Signs of life

Mar 9, 2005 at 12:00 am

With the expansion of corporate behemoths like Starbucks, Wal-Mart and Blockbuster, there’s something significant — and almost sacred — about discovering a privately owned shop, or even the colorful remnants marking a bygone dream. Such a discovery is all the more powerful if the shop happens to be located in an economically devastated neighborhood. It’s precisely this regard for struggling local business that David Clements reveals in Talking Shops: Detroit Commercial Folk Art (Wayne State University Press, $34.95), a new coffee-table book showcasing his photographs of Detroit commercial folk art.

Divided into such sections as “Hand-Painted Store Fronts,” “Religion” and “Hair,” Talking Shops exposes the energy, humor and poignant hope at the heart of small urban business endeavors. Primarily depicting building murals and hand-rendered signs, the photos were taken over a span of 30 years, capturing everything from beauty salons and churches to auto repair shops — some of them long-defunct. In a sense, Clements has documented Detroit commercial history at its most personal. These are portraits of predominantly African-American-owned small businesses providing necessary services to the community, and standing out in a way that’s creative, spirited and completely distinctive. A far cry from generic advertising, the signs represent individual works of folk art. “I’m always interested in people who are trying to communicate to the public,” he says. “It’s this idea of small businesses being part of the American dream.”

Photography secured a place in Clements’ heart early on. “I’ve always been a photographer. I grew up with a camera in my hand,” he says, adding that his skills are self-taught. In 1968, he moved from Benton Harbor to Detroit and enrolled at Wayne State University, where he pursued a master’s degree in education. Clements settled in a rough section of the Cass Corridor, a neighborhood that stood in stark contrast to his relatively quaint hometown. “It was an environment I’d never been in,” he says. “I’d never seen prostitution and pimps … it was all new to me.”

Clements landed in the city at the height of the Corridor artists’ movement. Interested in the local progressive scene, he immersed himself in a number of community efforts, including the Detroit Festival of the Arts, Cass City Cinema and Detroit Children’s School, an alternative school. In the mid-’70s, his fascination with local commercial artwork took hold and he began the photo project that would occupy him for the next three decades and beyond.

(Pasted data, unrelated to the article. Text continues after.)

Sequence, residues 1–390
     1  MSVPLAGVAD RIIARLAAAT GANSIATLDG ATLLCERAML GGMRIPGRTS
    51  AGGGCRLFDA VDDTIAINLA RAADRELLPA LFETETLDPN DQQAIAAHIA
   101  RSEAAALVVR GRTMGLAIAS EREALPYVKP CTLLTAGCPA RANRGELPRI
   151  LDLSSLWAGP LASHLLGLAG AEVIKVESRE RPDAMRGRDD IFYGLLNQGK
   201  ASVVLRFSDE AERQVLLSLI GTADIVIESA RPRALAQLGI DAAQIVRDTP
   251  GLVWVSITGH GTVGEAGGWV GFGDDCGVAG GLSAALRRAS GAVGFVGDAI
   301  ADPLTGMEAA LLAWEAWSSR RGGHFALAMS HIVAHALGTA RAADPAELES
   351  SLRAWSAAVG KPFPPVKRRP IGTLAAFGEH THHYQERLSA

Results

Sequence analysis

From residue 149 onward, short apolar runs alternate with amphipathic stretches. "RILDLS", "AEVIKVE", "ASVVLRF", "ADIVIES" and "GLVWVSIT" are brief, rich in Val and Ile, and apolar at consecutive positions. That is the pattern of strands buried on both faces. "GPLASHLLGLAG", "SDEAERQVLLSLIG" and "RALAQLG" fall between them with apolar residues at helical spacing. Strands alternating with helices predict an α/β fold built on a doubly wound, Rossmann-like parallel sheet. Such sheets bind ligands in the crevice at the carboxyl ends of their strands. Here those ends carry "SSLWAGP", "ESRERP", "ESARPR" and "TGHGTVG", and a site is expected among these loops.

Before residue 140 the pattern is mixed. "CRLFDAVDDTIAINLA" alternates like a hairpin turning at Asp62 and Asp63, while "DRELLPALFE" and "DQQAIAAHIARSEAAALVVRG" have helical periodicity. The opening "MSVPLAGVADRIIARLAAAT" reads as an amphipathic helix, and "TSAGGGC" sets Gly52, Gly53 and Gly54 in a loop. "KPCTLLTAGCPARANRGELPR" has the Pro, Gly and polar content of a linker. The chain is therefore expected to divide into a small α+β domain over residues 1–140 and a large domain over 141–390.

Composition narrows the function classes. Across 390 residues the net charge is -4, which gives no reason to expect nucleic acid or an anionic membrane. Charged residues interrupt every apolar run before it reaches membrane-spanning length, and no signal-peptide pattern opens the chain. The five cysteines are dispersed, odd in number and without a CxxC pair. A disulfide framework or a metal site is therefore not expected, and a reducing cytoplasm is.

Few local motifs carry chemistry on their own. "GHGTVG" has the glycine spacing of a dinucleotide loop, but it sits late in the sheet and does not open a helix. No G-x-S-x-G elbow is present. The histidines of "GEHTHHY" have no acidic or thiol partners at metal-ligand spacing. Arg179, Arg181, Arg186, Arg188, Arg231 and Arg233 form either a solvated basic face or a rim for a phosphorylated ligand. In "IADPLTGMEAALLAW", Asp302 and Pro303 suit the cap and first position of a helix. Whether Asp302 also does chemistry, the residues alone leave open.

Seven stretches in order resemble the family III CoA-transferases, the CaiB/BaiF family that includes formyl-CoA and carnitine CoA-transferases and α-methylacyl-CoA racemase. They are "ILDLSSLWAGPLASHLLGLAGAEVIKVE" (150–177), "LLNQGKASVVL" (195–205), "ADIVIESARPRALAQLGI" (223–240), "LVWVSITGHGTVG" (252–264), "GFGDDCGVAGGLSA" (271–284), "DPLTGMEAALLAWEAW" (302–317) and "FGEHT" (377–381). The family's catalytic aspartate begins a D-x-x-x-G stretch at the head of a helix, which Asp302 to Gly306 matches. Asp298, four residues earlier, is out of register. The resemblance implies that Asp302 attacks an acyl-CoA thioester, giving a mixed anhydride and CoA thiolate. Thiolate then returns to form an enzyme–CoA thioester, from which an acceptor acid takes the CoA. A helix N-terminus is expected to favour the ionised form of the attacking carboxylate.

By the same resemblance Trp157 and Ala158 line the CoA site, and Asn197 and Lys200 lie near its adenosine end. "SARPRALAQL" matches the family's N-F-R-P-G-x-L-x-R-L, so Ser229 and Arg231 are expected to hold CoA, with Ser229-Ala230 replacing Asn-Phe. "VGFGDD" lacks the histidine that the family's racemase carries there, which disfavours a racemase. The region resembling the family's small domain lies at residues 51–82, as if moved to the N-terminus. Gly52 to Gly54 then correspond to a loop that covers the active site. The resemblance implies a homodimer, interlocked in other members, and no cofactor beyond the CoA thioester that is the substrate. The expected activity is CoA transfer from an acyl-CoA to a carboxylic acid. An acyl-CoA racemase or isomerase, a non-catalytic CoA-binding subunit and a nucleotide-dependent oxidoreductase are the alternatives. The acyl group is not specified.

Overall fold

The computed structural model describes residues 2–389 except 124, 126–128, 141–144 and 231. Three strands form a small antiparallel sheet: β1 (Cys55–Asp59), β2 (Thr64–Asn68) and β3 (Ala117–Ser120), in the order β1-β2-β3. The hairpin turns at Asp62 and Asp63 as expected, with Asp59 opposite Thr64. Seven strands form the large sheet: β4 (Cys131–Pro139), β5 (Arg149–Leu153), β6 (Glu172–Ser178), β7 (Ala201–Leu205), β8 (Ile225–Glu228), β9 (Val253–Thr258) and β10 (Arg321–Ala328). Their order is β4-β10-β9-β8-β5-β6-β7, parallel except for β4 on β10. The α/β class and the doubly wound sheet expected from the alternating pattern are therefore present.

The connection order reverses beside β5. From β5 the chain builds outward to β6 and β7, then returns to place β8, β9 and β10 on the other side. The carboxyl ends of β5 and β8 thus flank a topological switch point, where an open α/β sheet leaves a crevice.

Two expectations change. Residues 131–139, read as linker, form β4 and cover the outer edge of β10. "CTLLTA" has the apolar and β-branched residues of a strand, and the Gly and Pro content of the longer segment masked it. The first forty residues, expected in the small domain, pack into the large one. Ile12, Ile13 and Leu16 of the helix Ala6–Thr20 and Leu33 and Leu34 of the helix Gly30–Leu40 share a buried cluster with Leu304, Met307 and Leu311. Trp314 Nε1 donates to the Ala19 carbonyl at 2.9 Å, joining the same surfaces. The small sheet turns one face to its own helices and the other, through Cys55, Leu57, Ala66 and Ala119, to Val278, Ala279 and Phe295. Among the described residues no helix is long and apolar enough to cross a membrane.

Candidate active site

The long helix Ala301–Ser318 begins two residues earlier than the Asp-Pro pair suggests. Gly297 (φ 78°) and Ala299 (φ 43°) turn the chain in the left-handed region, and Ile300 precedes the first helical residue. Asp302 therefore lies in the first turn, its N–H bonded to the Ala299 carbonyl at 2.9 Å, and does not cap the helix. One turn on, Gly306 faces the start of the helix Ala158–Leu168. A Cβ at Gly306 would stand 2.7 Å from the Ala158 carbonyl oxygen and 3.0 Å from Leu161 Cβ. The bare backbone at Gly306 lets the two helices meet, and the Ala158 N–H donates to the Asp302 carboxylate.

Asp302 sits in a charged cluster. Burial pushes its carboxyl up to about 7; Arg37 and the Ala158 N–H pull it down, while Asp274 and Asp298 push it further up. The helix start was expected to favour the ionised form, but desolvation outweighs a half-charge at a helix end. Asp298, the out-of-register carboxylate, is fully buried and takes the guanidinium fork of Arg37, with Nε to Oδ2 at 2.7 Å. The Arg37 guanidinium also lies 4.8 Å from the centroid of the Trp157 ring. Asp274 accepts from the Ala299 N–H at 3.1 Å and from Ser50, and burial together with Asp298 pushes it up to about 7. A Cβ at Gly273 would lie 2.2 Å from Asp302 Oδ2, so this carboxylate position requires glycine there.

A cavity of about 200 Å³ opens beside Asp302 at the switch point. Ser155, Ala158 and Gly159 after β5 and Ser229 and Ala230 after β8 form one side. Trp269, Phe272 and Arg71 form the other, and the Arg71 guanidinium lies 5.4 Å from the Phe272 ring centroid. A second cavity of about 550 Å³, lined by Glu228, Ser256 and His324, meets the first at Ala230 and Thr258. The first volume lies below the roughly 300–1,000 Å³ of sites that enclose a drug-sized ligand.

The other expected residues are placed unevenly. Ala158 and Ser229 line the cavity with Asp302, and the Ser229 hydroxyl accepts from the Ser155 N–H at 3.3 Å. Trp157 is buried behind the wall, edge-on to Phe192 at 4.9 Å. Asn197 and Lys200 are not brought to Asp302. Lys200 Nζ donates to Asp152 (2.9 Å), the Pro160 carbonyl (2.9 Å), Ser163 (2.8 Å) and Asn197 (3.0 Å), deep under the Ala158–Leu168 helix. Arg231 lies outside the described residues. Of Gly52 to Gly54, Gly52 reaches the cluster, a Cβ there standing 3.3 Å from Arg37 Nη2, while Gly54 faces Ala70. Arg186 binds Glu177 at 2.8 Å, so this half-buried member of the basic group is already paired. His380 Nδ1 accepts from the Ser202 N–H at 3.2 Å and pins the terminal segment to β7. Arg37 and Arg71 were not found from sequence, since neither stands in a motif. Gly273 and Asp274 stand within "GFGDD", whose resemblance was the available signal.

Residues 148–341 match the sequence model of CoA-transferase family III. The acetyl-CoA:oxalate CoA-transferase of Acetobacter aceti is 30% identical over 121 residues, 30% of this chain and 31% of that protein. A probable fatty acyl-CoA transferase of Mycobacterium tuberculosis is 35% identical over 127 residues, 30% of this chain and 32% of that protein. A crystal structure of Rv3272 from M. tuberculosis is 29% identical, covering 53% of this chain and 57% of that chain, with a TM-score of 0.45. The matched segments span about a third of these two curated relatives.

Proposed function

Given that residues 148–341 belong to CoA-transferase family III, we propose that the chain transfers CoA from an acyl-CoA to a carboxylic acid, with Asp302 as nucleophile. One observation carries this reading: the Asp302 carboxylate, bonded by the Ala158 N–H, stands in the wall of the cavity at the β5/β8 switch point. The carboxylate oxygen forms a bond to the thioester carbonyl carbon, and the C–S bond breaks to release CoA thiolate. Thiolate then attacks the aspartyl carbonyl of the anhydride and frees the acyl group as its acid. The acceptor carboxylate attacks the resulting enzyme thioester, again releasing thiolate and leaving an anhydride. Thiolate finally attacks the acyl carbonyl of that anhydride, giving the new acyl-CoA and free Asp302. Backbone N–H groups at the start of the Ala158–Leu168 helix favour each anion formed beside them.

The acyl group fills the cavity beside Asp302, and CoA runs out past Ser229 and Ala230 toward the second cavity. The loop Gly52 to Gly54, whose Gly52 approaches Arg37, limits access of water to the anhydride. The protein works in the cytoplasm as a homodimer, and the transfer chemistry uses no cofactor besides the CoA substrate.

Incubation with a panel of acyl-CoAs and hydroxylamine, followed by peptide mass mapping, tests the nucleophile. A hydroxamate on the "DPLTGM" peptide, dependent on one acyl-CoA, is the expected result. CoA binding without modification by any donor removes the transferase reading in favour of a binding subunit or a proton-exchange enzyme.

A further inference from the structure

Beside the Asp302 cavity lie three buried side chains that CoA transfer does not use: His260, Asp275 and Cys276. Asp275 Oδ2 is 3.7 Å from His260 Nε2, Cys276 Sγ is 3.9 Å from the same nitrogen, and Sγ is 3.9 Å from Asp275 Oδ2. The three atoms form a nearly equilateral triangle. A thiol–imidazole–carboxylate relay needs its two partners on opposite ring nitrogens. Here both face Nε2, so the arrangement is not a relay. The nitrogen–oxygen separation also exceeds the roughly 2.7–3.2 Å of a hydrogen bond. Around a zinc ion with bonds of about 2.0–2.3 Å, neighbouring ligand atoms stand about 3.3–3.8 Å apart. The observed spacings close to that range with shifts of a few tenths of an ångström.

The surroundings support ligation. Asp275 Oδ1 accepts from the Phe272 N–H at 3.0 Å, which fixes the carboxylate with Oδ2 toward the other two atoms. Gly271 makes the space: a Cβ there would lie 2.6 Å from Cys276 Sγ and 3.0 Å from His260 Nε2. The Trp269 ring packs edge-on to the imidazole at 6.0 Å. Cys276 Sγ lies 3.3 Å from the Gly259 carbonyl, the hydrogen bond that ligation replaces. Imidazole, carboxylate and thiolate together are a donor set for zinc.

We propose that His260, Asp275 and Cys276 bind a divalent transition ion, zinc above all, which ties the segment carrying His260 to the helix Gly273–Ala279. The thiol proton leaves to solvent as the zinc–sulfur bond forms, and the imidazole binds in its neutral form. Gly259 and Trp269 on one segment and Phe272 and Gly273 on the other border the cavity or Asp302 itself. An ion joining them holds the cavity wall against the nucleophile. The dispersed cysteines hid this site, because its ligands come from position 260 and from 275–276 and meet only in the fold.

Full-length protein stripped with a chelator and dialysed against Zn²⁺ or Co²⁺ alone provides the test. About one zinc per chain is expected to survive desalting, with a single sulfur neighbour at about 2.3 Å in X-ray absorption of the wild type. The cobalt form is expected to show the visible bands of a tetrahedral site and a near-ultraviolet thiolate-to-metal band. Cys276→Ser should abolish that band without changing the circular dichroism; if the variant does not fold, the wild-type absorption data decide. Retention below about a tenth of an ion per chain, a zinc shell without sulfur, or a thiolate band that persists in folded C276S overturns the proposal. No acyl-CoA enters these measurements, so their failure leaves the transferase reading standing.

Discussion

Perhaps what’s most compelling about Talking Shops is that you never know what to expect from one page to the next — each image is wildly unique. “It’s like carte blanche,” Clements says of the city’s commercial design sensibility. “You gotta remember that Detroit was founded by the French. There’s a different value system. It’s laissez-faire, not puritanical. The French are [more like], ‘Let’s party!’” The Canfield Market mural is a good example of the anything-goes attitude — Bugs Bunny, Bart Simpson and Popeye share real estate with Muhammad Ali, Dennis Archer and Luther Vandross.

Some business owners seem inclined to mix metaphors, possibly even enterprises, to lure patrons. Did the workers of Gospel Hands Car Wash, located on East Warren, really administer a dose of spirituality with the sudsing? At Yetta Boo’s Boobs & Bunns Hand Car Wash, were there really scantily clad hotties on hand to wax your convertible? Maybe. But in the book’s foreword, poet and playwright Bill Harris points out that irony is “a large part of the aesthetic that informs African American images, ideas and ideals … This sort of hip, tongue-in-cheek awareness of the unspoken grinds and gnashes of the economic realities of inner-city competition is often so subtle that it flies below the radar of casual or hurried observers.”

As Wayne State professor Jerry Herron notes in Talking Shops’ afterword, Clements turns the tables on anyone expecting a kind of simpleton sincerity from local artists who work outside of the gallery system. “It’s not the sign painters and vernacular muralists who are ‘outsiders’; it’s us, the viewers.”

Christina Kallery is a freelance writer for Metro Times. Send comments to [email protected]